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The Daily Wildcat

The Daily Wildcat

 

    New construction on horizon

    Plans are being drafted for restoration of a historic UA building, the Douglas House, 1189 E. Speedway Blvd., erected in 1906, which has been deteriorateing due to time and termites.
    Plans are being drafted for restoration of a historic UA building, the Douglas House, 1189 E. Speedway Blvd., erected in 1906, which has been deteriorateing due to time and termites.

    The UA is preparing to restore one of its oldest historic buildings.

    Facilities Management is compiling an estimate for a large-scale restoration of the Douglass House, 1189 E. Speedway Blvd.

    The home belonged to A.E. Douglass, founder of the Steward Observatory and “”father”” of dendrochronology, the science of tree-ring dating.

    “”Once we finish estimating, we are trying to find a source of funding to go ahead and do that and restore that building in maybe two to three years,”” Albert Tarcola, director of Facilities Management, said.

    The house, erected in 1906, is listed on the National Register of Historic Places, along with the neighboring Smith House.

    The College of Architecture and Landscape Architecture use the Smith House, formerly the home of G.E.P. Smith, an agricultural engineer and university faculty member responsible for early research and legislation on Arizona groundwater management.

    Yet, Douglass’s termite-ravaged roof and chipped and peeling stucco stands in stark contrast to the Smith’s newly restored pillars and brick.

    “”We spent a lot of time and energy, and blood, sweat and tears restoring (the Smith) house, and having the Douglass house next to it would be pretty much an eyesore, we’ve really been advocating for its restoration,”” associate dean and coordinator of preservation studies, R. Brooks Jeffery, said.

    Tarcola said the restoration will occur in three phases: installing a new roof, revamping the outside of the building and refurbishing the interior.

    The restoration will include putting in new windows and an air conditioning unit, widening the doors and installing a ramp for disabled visitors, Jeffery said. The latter two additions will be to make the building compliant with the Americans with Disabilities Act.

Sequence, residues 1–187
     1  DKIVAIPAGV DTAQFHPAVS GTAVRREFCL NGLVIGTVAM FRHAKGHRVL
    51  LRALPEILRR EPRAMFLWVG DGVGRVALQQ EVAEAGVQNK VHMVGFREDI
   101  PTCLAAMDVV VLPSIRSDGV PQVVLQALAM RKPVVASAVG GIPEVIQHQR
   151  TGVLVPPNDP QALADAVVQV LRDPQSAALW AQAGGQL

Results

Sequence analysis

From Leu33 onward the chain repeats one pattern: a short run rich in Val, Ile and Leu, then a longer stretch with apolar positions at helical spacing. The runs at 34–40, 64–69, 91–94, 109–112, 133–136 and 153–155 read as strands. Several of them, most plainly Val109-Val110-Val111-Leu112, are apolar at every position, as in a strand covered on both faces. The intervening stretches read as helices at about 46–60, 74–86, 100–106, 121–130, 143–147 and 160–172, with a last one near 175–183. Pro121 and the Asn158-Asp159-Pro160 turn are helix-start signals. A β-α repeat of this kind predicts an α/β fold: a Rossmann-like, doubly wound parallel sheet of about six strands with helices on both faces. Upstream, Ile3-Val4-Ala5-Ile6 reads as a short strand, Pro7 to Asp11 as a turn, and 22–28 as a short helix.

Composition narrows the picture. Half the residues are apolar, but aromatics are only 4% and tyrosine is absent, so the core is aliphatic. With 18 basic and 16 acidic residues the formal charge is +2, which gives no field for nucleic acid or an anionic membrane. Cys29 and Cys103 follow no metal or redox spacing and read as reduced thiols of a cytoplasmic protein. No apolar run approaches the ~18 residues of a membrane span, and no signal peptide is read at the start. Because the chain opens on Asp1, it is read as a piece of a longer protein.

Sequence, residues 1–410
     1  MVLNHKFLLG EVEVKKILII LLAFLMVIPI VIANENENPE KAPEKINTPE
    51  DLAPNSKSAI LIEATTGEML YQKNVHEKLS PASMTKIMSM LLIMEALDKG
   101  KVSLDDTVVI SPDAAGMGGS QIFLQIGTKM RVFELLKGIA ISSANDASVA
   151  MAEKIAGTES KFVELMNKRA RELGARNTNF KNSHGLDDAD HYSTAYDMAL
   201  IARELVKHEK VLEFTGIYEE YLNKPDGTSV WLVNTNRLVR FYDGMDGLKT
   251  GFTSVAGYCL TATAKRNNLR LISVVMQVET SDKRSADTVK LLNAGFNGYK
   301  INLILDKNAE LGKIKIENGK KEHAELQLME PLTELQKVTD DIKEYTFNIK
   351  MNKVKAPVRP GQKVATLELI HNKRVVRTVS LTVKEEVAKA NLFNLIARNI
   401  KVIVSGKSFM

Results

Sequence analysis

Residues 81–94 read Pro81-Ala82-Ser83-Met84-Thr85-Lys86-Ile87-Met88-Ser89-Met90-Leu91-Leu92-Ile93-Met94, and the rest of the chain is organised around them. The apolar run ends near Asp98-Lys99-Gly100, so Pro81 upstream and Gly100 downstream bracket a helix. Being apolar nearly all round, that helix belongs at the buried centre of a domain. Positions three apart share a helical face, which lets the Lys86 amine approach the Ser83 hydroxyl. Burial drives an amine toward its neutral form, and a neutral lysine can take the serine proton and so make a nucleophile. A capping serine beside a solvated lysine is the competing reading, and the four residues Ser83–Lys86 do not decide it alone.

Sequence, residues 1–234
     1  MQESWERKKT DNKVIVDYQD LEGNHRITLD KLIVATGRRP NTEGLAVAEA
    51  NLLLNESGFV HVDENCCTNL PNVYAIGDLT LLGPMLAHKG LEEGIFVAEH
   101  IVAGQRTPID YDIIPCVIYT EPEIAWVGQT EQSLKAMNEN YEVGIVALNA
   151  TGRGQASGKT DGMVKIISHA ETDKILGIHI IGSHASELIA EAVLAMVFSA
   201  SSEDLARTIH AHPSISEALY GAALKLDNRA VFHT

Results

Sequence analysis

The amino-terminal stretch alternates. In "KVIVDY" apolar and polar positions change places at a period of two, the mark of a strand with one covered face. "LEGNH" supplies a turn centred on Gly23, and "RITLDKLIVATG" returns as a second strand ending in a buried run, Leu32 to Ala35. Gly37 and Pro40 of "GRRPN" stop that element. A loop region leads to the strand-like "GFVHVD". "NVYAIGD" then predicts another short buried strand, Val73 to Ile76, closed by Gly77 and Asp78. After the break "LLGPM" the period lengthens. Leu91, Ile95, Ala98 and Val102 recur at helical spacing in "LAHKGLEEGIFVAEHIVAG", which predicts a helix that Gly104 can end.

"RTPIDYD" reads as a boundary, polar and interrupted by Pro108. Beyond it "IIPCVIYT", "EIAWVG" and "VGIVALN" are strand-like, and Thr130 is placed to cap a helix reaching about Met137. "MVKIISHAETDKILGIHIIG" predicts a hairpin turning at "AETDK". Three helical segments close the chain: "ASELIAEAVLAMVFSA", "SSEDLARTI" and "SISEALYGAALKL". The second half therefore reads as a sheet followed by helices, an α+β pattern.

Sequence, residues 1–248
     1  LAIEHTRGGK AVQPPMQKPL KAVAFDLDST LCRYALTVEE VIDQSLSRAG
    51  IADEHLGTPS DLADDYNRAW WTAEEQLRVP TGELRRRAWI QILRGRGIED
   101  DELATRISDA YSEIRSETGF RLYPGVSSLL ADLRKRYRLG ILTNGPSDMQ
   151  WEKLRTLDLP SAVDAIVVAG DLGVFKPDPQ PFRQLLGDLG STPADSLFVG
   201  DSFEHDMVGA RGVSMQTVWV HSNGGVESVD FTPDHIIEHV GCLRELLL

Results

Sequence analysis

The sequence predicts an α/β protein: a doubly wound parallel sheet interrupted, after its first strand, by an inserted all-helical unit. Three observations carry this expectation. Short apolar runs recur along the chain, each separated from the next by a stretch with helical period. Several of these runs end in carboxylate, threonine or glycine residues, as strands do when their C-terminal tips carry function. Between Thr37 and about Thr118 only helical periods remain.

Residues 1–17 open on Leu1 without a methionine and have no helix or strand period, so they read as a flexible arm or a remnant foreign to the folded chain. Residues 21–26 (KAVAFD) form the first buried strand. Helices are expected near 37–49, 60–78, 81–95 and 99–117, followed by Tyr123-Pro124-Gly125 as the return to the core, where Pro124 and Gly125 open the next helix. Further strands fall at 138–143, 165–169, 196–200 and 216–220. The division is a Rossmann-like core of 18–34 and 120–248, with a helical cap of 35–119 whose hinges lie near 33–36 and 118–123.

Elements of the renovation are dependent upon restrictions made when the Douglass family donated the house and transferred the deed to the university, Mercy Valencia, assistant vice president of real estate administration, said.

    “”When we accepted the gift of the house we agreed to keep its historic flavor,”” she said.

    Most likely, the new exterior will also consist of white stucco on brick. The landscaping will also have to be redone to prevent future damage because the house sits in a “”fishbowl”” and water drains toward the house, Tarcola said.

    “”The house is classified as historical, so anything we do has to basically match what it was originally like,”” he said.

    Empty for more than four years, the house is now used for storage.

    “”Its sitting there, not being used and that’s a waste,”” Tarcola said. “”We always need more space. We ought to, as soon as we can, make it livable so people can use it.””

    Jeffery wouldn’t say who might occupy the renovated house.

    “”The most important thing, is to find an appropriate occupant,”” Jeffery said. “”Once you find an appropriate occupant they will be an advocate and a steward of maintaining that building.””

    Tarcola said Facilities Management will finish estimating the cost of renovation in three to four weeks and will start seeking funding for the renovation. He would not give a preliminary estimate.

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